I’ve been doing some work with PostgreSQL recently. I have a table that stores user ratings, with a UNIQUE constraint:
UNIQUE (author_id, talk_id)
Think of it as a key-value store, just using PostgreSQL. Each user can store only one rating per talk (the latest one). It didn’t make sense for me to use a dedicated key-value database, since PostgreSQL was already used by the application.
Now, how do we deal with storing ratings, so that the UNIQUE constraint is satisfied? Easy! We do a DELETE and then an INSERT, all inside a transaction. The row effectively gets replaced. Nice and easy, right?
Well, not really. When testing, PostgreSQL promptly complained:
Error 23505 / duplicate key value violates unique constraint “ratings_author_id_key” has occurred.
How is that possible, I thought — we were supposed to be in a transaction after all!
Well, it turns out the default level of transaction isolation in postgres is “Read Committed”, not “Serializable” as the SQL standard mandates. So it is entirely possible that in the middle of a transaction someone else will insert a row, and that will cause our INSERT to violate the UNIQUE constraint.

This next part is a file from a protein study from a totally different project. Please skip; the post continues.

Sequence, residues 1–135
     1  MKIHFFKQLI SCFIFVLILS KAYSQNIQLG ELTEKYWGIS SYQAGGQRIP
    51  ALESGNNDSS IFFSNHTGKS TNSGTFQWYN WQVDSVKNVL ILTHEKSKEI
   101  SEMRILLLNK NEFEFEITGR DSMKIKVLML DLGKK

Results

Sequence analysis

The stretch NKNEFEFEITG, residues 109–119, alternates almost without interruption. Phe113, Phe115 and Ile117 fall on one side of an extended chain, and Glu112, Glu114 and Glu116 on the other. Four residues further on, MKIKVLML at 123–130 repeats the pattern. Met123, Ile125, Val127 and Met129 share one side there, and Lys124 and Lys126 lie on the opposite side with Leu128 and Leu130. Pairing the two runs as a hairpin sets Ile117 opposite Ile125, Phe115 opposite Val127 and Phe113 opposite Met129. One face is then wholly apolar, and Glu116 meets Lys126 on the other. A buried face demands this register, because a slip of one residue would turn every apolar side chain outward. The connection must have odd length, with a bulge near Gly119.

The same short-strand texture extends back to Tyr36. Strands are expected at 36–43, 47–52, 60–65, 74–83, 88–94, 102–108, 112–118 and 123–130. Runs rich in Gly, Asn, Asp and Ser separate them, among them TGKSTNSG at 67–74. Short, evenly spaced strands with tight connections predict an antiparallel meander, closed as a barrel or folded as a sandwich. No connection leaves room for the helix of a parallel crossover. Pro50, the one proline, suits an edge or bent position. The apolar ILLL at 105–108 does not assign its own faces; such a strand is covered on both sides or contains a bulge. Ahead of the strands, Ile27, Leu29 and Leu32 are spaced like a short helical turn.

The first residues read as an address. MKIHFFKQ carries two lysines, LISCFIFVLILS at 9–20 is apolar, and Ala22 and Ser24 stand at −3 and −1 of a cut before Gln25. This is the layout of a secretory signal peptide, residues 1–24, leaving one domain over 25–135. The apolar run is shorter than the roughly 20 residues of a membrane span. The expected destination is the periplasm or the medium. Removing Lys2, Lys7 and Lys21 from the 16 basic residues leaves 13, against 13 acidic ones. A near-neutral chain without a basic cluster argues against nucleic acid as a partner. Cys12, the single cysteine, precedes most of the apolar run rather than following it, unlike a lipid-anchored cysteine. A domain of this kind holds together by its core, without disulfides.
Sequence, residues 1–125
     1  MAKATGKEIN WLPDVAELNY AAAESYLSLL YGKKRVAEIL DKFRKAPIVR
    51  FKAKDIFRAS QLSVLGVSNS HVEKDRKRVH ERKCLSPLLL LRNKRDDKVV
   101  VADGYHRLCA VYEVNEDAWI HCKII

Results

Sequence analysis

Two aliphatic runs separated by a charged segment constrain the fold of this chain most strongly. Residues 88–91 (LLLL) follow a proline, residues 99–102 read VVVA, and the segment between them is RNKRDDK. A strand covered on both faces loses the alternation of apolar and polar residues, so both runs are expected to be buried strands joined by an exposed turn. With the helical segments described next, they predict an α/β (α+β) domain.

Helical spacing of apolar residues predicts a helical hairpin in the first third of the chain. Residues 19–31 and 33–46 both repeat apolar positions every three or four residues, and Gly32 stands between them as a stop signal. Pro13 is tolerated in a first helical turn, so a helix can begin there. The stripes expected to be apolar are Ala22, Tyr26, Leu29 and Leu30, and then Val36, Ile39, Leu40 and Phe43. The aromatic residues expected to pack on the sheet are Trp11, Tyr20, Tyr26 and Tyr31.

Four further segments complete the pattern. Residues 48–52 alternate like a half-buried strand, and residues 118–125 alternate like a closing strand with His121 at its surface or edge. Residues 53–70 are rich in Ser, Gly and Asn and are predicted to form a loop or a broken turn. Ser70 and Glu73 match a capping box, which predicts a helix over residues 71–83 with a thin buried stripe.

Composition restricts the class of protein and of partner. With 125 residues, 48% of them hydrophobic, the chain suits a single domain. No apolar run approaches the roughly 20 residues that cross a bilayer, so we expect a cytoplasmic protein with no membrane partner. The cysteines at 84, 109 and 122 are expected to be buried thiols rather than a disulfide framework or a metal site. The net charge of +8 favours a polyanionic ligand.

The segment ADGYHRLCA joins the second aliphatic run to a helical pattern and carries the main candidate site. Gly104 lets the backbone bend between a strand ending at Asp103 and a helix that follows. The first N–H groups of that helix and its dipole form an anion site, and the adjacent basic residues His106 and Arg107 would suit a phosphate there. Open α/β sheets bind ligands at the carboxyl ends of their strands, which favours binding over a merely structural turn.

The solution is to either use a MERGE statement, which PostgreSQL still does not support, or set the transaction isolation level to SERIALIZABLE. This, apart from performance implications, means you will get aborted transactions:
Error 40001 / could not serialize access due to concurrent update has occurred.
…so you have to deal with those in your application and retry. A major pain in the rear.
Problem is, most people assume they can simply do a DELETE and then an INSERT inside a transaction, and since the default isolation level in PostgreSQL is not SERIALIZABLE they introduce a race condition. I would venture a guess that there are hundreds of applications online with a race condition of this kind. I’ve seen a Drupal bug report mentioning a “small race condition” of this kind. A “small race condition” is like being “slightly pregnant”, if you ask me.